Who am I?

  1. What is my name?
  2. Where do I live?
  3. Who do I hang with?

Copyright © Ted C. MacRae 2010

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About Ted C. MacRae

Ted C. MacRae is a research entomologist by vocation and beetle taxonomist by avocation. Areas of expertise in the latter include worldwide jewel beetles (Buprestidae) and North American longhorned beetles (Cerambycidae). More recent work has focused on North American tiger beetles (Cicindelidae) and their distribution, ecology, and conservation.
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10 Responses to Who am I?

  1. maggie says:

    As a very amateur amateur, I’m going to guess Cicindela theatina, Colorado’s Great Sand Dunes Tiger beetle, and will probably be terribly wrong.

  2. Kent says:

    These are very good questions. Every morning one should ask these questions and then do their very best. I like to add: and what am I going to do about it? to my morning affirmations. That is a great beetle photo by the way. Keep up the good work,

  3. TGIQ says:

    Cicindela togana

    Saline shorelines, salt marshes/flats; salty wet places🙂

    Um…other salty-liking creatures?

    • TGIQ says:

      Oh, these guys!🙂

      Cicindela fulgida rumppii, exclusively in vegetated dry sand areas around the salt flats.
      Cicindela (Cicindelidia) nigrocoerulea, mostly 10-20m from the water’s edge, a few also in roadside habitat.
      Cicindela (Cicindelidia) punctulata chihuahuae, exclusively in roadside habitats.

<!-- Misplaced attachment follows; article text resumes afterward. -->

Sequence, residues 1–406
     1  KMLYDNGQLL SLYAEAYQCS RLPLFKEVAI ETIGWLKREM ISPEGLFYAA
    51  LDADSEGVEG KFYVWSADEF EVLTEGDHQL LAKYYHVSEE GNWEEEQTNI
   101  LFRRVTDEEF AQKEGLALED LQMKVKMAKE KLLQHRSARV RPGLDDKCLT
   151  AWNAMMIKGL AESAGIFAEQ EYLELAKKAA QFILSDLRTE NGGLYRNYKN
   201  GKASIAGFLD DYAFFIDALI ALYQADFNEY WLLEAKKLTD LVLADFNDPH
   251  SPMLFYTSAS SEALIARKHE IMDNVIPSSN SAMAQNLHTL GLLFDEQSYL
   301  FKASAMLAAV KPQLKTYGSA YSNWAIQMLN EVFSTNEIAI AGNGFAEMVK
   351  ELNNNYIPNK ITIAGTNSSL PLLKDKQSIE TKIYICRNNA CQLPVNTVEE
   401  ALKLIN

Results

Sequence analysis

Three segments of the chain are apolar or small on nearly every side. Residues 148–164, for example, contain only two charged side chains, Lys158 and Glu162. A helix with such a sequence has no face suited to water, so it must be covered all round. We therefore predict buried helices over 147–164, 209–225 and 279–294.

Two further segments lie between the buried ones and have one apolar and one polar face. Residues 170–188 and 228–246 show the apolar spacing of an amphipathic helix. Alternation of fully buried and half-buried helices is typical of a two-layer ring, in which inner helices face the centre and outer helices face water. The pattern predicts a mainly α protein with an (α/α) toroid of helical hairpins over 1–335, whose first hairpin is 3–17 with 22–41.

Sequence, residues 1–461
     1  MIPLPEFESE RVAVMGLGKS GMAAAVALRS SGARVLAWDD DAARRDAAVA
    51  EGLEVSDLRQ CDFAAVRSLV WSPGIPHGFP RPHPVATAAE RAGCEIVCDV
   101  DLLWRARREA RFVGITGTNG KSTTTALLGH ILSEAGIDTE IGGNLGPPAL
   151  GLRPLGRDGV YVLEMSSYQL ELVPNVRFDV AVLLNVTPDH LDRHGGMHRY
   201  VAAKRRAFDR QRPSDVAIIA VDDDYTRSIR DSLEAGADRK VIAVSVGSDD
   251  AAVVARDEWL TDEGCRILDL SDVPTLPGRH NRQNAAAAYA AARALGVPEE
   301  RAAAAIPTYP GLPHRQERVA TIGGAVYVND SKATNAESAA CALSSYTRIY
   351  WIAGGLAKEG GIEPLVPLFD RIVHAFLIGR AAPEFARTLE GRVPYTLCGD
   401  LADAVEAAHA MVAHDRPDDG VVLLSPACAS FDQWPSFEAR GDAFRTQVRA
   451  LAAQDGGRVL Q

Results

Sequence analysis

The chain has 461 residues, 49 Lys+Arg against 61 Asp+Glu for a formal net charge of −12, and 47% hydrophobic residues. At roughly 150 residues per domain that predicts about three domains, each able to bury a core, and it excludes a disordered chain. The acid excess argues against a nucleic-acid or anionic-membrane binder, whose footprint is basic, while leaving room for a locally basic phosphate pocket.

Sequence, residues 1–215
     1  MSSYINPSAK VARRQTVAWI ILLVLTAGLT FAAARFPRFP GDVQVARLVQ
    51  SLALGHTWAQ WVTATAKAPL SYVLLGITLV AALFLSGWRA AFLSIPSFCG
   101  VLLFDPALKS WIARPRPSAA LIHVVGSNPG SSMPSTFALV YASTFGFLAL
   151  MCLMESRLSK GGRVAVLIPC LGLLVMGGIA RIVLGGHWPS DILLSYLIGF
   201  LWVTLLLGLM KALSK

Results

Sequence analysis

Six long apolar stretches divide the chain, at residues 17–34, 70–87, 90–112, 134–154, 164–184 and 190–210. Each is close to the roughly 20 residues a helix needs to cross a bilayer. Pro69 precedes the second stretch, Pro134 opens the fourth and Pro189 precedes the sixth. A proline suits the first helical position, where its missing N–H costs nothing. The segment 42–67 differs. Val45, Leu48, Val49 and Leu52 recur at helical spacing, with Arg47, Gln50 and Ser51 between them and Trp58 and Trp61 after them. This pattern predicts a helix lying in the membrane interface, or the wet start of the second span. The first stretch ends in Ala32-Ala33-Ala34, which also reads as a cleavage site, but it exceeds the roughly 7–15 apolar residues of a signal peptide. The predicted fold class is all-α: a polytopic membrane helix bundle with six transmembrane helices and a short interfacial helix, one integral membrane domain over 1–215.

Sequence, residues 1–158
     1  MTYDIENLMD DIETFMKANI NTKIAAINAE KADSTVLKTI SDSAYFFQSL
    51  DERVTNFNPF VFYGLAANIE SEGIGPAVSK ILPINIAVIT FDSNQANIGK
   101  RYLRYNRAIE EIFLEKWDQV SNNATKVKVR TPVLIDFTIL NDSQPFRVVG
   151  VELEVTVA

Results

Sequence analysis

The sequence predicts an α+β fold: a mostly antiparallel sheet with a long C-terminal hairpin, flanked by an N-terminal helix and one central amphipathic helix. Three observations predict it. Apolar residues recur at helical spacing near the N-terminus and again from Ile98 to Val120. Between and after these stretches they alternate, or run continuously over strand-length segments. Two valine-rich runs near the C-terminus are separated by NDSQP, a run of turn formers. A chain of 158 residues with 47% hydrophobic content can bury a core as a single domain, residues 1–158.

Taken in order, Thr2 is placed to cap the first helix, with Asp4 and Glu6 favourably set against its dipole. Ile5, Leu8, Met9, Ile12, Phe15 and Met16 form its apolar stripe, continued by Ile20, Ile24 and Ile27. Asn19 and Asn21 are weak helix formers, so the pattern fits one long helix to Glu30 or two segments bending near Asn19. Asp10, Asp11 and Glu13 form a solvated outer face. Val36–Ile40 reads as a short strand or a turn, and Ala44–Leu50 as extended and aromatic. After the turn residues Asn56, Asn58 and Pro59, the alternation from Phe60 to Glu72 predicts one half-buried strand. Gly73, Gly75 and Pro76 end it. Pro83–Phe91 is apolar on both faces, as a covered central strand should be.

Cicindela (Cicindelidia) willistoni estancia, mostly along the water’s edge.
      Cylindera terricola cinctipennis, exclusively in dry grassy areas away from the water.
      Ellipsoptera nevadica, exclusively along the water’s edge.
      Habroscelimorpha circumpicta johnsoni, limited to roadside habitats and vegetated dry sand areas around the salt flats.

      I guess it’s properly called Eutona togana? Most records I found list it as Cicindela.

  4. Aaron says:

    I’m an amateur also, but I’ll give it a shot:

    1. Cicindela togata, White-cloaked Tiger Beetle.

    2. Salty and sandy places (vague enough?). I’m guessing Oklahoma for the photo?

    3. C. circumpicta, C. nevadica

  5. DougT says:

    I’ll agree with Aaron that TGIQ got to the right answer first. I’ll guess that this particular one was photographed on the road to nowhere.

  6. I can’t believe nobody got the right answers. My name is Ted, I live in St. Louis, and I hang with other bug dudes like Chris, Rich, Kent…

    Oh, you thought I meant the beetle…
    🙂

    Lots of points to award here:

    • 5 points to Maggie for being the first to step up to the plate.
    • 5 points to Kent for such a quirky, made-me-laugh answer.
    • 10 points to TGIQ for going down the right track before anyone else. Bonus points for details on the presumed associates.
    • 10 points to Aaron for nailing the true locality (the hardest of the three questions).
    • A pat on the back to Doug for agreeing with someone who got points🙂

    The “official” answers:

    1. 1. Eunota togata globicollis (Alkali Tiger Beetle)
    2. 2. Central and southern Great Plains (photo taken at Salt Plains National Wildlife Refuge, Oklahoma).
    3. 3. Cicindela fulgida, Ellipsoptera nevadica knausii, Habroscelimorpha circumpicta johnsonii, et al.

    Details forthcoming…

  7. jason says:

    See, I had all these answers–both sets of answers in fact–but I decided to drink a beer instead of typing. One must have priorities!

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